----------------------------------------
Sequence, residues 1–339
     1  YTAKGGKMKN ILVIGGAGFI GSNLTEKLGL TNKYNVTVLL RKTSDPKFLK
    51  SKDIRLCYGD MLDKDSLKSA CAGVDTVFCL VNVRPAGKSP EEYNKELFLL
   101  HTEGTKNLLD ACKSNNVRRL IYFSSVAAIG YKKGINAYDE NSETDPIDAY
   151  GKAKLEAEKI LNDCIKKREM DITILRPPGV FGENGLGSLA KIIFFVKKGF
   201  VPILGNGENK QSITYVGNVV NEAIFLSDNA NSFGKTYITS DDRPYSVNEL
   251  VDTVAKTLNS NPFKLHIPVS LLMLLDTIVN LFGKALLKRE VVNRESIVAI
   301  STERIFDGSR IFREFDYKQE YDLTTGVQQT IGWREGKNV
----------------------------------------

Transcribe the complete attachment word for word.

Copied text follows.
Sequence, residues 1–339
     1  YTAKGGKMKN ILVIGGAGFI GSNLTEKLGL TNKYNVTVLL RKTSDPKFLK
    51  SKDIRLCYGD MLDKDSLKSA CAGVDTVFCL VNVRPAGKSP EEYNKELFLL
   101  HTEGTKNLLD ACKSNNVRRL IYFSSVAAIG YKKGINAYDE NSETDPIDAY
   151  GKAKLEAEKI LNDCIKKREM DITILRPPGV FGENGLGSLA KIIFFVKKGF
   201  VPILGNGENK QSITYVGNVV NEAIFLSDNA NSFGKTYITS DDRPYSVNEL
   251  VDTVAKTLNS NPFKLHIPVS LLMLLDTIVN LFGKALLKRE VVNRESIVAI
   301  STERIFDGSR IFREFDYKQE YDLTTGVQQT IGWREGKNV